In his statement from the dock at the opening of the defence case in the trial on 20 April 1964 at Pretoria Supreme Court, Mandela laid out the clarity of reasoning in the ANC's choice to use violence as a tactic. His statement revealed how the ANC had used peaceful means to resist apartheid for years until the Sharpeville Massacre. That event coupled with the referendum establishing the Republic of South Africa and the declaration of a state of emergency along with the banning of the ANC made it clear that their only choice was to resist through acts of sabotage. Doing otherwise would have been tantamount to unconditional surrender. Mandela went on to explain how they developed the Manifesto of Umkhonto we Sizwe on 16 December 1961 intent on exposing the failure of the National Party's policies after the economy would be threatened by foreigners' unwillingness to risk investing in the country.[11] He closed his statement with these words:
“ During my lifetime I have dedicated myself to the struggle of the African people. I have fought against white domination, and I have fought against black domination. I have cherished the ideal of a democratic and free society in which all persons live together in harmony and with equal opportunities. It is an ideal which I hope to live for and to achieve. But if needs be, it is an ideal for which I am prepared to die.[6] ”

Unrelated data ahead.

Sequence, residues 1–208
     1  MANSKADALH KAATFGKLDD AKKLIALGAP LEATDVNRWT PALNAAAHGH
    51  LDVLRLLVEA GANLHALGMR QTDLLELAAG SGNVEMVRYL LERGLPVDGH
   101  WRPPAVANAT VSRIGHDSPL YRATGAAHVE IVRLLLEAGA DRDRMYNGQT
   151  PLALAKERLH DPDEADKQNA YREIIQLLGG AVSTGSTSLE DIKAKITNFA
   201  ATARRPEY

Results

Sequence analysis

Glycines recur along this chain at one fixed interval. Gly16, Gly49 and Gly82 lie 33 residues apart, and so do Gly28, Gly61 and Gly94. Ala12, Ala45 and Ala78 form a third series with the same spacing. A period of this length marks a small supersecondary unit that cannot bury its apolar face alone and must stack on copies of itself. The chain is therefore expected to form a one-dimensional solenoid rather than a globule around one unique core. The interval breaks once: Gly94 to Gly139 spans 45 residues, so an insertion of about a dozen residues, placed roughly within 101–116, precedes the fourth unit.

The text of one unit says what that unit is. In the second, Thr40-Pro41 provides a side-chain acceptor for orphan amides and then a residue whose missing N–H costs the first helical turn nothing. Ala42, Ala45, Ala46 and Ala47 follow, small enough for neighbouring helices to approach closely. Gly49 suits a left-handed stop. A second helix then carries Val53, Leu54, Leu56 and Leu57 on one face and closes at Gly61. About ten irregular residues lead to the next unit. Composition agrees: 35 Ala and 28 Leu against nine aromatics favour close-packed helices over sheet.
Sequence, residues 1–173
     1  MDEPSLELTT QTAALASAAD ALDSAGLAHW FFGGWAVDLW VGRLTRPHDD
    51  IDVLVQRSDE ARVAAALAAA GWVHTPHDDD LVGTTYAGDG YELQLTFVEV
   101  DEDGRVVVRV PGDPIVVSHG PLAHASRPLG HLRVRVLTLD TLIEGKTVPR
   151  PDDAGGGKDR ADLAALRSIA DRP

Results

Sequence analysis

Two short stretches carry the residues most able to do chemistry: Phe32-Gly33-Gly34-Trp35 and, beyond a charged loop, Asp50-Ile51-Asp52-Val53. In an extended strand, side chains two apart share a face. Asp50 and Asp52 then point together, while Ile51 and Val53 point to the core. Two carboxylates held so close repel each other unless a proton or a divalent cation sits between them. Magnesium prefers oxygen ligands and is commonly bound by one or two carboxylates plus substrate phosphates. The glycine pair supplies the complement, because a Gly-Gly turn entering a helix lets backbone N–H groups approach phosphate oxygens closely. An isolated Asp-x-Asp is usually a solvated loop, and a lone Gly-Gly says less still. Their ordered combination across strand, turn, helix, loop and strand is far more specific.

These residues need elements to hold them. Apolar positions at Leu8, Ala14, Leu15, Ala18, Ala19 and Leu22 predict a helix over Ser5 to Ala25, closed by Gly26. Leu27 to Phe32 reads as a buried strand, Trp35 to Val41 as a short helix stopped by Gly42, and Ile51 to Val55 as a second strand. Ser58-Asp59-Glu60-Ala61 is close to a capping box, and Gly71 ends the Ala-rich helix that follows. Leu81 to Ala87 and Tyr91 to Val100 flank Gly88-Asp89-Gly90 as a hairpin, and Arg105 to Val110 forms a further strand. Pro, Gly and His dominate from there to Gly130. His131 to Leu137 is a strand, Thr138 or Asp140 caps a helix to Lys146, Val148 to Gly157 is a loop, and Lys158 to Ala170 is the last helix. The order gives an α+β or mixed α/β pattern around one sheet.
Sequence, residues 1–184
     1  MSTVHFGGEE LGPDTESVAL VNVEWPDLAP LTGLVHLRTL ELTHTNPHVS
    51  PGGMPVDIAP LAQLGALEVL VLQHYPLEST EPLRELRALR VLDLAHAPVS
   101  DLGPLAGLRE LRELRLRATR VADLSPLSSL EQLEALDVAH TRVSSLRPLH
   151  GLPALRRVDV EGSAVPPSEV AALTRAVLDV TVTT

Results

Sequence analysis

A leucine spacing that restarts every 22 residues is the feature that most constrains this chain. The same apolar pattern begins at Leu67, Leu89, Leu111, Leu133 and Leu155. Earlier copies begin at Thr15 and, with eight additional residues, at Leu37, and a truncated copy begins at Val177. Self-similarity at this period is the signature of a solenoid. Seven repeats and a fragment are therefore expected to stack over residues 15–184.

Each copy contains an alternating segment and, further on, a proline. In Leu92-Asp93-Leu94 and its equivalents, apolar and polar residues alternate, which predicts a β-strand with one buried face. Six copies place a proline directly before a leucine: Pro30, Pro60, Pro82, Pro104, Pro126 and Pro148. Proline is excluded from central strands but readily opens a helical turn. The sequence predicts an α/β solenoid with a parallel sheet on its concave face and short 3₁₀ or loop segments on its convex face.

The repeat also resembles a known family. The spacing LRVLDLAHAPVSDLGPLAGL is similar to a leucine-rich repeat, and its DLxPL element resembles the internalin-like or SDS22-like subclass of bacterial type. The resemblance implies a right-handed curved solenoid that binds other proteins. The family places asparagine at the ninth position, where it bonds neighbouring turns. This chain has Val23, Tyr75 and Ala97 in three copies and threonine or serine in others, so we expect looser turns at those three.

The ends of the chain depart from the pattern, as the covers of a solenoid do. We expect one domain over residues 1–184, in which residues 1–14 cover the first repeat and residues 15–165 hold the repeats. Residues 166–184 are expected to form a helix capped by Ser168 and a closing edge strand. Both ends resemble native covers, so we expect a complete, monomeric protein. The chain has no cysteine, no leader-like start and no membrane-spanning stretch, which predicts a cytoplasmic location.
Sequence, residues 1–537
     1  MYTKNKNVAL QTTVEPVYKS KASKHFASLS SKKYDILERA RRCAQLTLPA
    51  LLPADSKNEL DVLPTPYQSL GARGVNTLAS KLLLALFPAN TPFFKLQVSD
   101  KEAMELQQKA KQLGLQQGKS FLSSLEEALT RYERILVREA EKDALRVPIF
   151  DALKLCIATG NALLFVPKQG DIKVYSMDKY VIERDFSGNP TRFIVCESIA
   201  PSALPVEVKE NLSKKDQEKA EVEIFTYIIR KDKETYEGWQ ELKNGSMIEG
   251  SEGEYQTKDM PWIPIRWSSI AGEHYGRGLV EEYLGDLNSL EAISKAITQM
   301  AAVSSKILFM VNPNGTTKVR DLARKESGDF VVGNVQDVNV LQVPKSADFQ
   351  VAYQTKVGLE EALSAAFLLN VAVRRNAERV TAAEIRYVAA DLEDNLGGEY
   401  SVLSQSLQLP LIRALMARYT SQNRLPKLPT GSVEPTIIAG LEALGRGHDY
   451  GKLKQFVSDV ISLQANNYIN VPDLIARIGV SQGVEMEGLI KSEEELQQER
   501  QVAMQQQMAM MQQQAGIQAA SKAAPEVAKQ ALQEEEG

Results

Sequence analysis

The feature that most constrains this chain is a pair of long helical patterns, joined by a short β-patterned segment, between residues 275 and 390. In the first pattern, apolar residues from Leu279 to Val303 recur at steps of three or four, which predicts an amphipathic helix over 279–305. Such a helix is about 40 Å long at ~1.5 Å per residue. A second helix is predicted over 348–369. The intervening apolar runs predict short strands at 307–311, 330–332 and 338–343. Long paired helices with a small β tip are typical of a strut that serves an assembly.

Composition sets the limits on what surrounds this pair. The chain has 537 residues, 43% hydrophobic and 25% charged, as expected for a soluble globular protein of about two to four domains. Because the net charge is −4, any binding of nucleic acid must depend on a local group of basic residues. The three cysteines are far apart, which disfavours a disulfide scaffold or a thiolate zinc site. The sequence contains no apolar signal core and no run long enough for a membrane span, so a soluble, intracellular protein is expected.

Bram Fischer, Vernon Berrange, Harry Schwarz, Joel Joffe, Arthur Chaskalson and George Bizos were part of the defence team that represented the accused. Harold Hanson was brought in at the end of the case to plead mitigation. All except Rusty Bernstein were found guilty, but they escaped the gallows and were sentenced to life imprisonment on 12 June 1964. Charges included involvement in planning armed action, in particular four charges of sabotage, which Mandela admitted to, and a conspiracy to help other countries invade South Africa, which Mandela denied.


Iraq invasion views